Those artistic interests led Miró to move to Paris in 1920, but he continued to spend his summers in Catalonia. In Paris, Miró met Pablo Picasso, and other important emerging artists and poets, encircling himself with creative types. Dalmau organized Miró’s first solo show in Paris, at the Galerie la Licorne in 1921 and his work was included in the Salon d’Automne of 1923. Strongly symbolic and poetic in nature, Miró’s art fit well within the context of the dream-like erratic tendencies espoused by Surrealism and in 1924 he joined the Surrealist group, though always remained on the periphery of Surrealism. Such works included Catalan Landscape (The Hunter) (1923) and the Tilled Field (1924).
This is around the time Miró began to develop an antagonistic attitude towards painting, and started to explore other techniques and mediums. In 1926, while collaborating with Max Ernst on designs for a ballet they pioneered the technique of grattage, in which pigment is troweled onto the canvas and in 1928 Miró began executing his first papiers collés and collages. During the early 1930s, Miró would delve into sculpture, incorporating painted stones and found objects into his three-dimensional works. This was also the time when he started his experiments in lithography, and his first etchings date to 1933, both mediums of which would comprise a majority of his oeuvre.
Joan Miró Etchings:
By 1930, Miró had developed his own unique style of imagery derived from elements of Catalan folk art and the art of children and this was suited wonderfully for the etching medium as the fluid line work and fanciful figures enabled him to create crisp details. A constant experimenter however, the etchings are a wonderful precursor of what was to come for his printmaking skills later in his life.
Finding international success, with the opening of the Pierre Matisse Gallery in New York, Miró became an influential part of the Modern Art Movement in America. With the outbreak of the Spanish Civil War however in 1936, Miró had to flee Spain and remained in France where he was commissioned to create a monumental work for the Paris World’s Fair. Then World War II broke out and he was forced to relocate to Normandy, then fled back to Spain in 1940. During this time, Miró created his famous twenty-three gouache series Constellations (1940).
The Museum of Modern Art, New York held Miró’s first major museum retrospective in 1941, and that same year Miró began working in ceramics with Josep Lloréns y Artigas. Always trying to find new ways to express himself, it was during 1948–49 when Miró lived in Barcelona, and made frequent visits to Paris that he began to experiment with his printmaking techniques at the Mourlot Studios and the Atelier Lacourière. Such printmaking techniques would result in his later mastering of aquatints and carborundum, some of the most difficult graphic works to create.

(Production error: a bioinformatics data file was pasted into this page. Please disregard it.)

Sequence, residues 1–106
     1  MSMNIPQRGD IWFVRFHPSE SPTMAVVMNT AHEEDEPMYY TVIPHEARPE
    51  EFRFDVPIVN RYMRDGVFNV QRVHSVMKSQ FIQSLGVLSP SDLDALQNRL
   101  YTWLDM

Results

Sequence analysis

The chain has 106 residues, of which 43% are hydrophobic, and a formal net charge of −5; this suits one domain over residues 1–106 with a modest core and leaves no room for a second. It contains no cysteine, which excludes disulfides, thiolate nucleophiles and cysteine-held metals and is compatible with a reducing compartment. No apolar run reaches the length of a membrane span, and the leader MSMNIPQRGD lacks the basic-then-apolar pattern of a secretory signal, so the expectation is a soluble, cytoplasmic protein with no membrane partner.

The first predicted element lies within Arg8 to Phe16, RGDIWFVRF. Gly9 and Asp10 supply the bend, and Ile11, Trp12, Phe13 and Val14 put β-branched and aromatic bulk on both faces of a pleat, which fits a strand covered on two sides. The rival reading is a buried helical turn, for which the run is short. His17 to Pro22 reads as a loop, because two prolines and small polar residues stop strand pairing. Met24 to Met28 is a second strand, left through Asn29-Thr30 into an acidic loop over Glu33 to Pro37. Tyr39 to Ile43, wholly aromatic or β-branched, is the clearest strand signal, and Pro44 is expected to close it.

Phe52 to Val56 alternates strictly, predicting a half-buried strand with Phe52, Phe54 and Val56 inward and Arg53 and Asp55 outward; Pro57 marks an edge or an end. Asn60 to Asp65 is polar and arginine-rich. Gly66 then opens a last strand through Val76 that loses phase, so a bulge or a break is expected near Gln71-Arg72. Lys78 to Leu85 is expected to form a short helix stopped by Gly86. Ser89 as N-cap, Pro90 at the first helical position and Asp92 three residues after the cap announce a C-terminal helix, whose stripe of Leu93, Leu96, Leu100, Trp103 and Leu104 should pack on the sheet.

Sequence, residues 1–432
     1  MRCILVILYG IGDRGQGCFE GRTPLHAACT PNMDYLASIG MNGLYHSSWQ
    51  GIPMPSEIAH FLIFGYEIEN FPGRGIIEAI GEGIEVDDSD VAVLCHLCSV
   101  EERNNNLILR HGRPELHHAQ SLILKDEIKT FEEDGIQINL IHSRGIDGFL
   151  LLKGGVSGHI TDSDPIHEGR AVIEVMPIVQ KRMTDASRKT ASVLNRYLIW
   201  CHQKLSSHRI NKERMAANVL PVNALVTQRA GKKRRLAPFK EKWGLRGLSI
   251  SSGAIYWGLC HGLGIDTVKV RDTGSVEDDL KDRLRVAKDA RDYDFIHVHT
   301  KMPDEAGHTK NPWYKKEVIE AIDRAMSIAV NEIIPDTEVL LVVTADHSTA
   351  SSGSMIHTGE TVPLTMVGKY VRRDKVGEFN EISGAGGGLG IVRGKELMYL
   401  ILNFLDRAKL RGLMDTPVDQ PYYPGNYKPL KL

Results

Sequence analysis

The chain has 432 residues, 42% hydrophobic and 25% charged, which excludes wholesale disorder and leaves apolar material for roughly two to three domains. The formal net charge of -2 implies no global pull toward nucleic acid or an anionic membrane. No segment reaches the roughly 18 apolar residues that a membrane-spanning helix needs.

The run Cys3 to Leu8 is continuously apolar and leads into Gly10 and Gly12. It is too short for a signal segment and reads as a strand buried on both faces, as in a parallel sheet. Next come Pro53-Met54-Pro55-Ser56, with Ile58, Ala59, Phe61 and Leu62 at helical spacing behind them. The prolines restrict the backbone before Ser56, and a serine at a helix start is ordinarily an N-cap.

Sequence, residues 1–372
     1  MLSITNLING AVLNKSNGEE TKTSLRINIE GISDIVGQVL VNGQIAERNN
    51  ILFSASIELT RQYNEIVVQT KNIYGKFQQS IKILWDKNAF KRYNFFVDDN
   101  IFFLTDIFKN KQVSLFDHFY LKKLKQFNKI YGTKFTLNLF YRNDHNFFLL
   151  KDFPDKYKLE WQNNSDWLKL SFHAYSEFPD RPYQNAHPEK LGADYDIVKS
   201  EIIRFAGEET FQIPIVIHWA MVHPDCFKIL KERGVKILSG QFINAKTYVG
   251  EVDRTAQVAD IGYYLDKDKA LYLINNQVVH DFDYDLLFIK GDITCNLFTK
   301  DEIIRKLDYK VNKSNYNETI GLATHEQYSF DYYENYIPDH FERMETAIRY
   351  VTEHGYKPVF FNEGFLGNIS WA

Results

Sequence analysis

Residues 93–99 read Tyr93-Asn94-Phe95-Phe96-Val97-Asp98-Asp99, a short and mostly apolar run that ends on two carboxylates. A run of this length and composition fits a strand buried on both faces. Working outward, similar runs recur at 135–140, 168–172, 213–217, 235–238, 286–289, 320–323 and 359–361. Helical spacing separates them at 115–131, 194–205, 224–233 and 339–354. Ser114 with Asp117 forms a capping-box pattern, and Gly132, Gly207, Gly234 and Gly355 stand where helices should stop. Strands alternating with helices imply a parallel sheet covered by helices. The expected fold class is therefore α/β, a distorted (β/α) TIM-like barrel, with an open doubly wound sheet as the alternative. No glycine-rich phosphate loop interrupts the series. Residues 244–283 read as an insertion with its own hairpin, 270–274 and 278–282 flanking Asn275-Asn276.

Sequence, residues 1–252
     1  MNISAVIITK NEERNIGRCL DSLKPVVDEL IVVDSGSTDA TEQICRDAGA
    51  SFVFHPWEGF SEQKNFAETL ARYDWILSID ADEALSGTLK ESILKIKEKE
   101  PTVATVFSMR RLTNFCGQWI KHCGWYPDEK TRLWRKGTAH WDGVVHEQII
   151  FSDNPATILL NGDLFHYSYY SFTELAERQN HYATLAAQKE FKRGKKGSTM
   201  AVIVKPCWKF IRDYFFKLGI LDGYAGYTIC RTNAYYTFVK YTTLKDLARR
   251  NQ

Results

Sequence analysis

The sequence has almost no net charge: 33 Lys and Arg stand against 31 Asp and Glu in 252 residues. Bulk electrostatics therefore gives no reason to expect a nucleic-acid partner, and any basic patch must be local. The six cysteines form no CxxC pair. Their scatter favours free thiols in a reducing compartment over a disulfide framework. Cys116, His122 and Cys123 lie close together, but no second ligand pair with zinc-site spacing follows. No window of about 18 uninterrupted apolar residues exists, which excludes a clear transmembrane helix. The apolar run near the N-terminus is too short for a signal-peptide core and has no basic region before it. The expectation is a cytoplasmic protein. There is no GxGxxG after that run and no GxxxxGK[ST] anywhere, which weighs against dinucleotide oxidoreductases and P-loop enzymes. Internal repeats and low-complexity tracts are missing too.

Joan Miró Lithographs:
Miró’s close relationship with Fernand Mourlot resulted in the creation of over one thousand different lithographic editions. His process of automatic drawing, allowing the hand to move randomly on the surface, leaving the artwork to chance, enabled him to create works that were genuine reflections of himself, an integral part of his popularity. A popularity that still remains today as they make for 91% of all of his works bought on the market, with a complete set of Le lézard aux Plumes d’Or (1971) selling for over $147, 510 in 2002 from Christie’s.
A true master of the printmaking medium, Miró received the Grand Prize for Graphic Work at the Venice Biennale in 1954, and his work was included in the first Documenta exhibition in Kassel the following year. In 1958, he was given a Guggenheim International Award for murals for the UNESCO building in Paris and the following year he resumed painting, initiating a series of mural-sized canvases. During the 1960s, he began to work intensively in sculpture and was particularly captivated by glass as is evidenced in his commissioned mural Personnage Oiseaux (1972-1978) which combines one million pieces of marble and Venetian glass. A man whose art rose to international acclaim with the help of the Surrealist movement, Miró was honored with many retrospectives during his lifetime and worked until he passed away of heart disease in December 25, 1983, in Palma de Mallorca, Spain.
Joan Miró Aquatints:
With his most coveted etching and aquatint Équinoxe (1967) selling for $74,000 in 2007 and the series Michel Leiris, Fissures (1969) that sold for $92,500 in 2001 at Christies, Miró’s aquatints are quite valuable. In the experimentation that followed his lithographs, Miró produced hundreds of aquatints, a process that presents variations of darkness on the paper. These experiments allowed for him to better represent the dualities and contradictions within his artwork.
Joan Miró Carborundum:
A method of printmaking that produces variations of dotted effects, Miró embraced this medium as it allowed him to create works that were rich in texture and variety. Trying not to adhere to any artistic movement during the 1970s, this method proved diverse as it gave him an artistic range when combined with the etching and aquatint. With the series such as Barcelona (1972-1973) selling for over $72,500 in 2005 and the work Les grandes manoeuvres (1973) selling for over $52,000 in 2010, this medium makes for some of his most valuable in printmaking.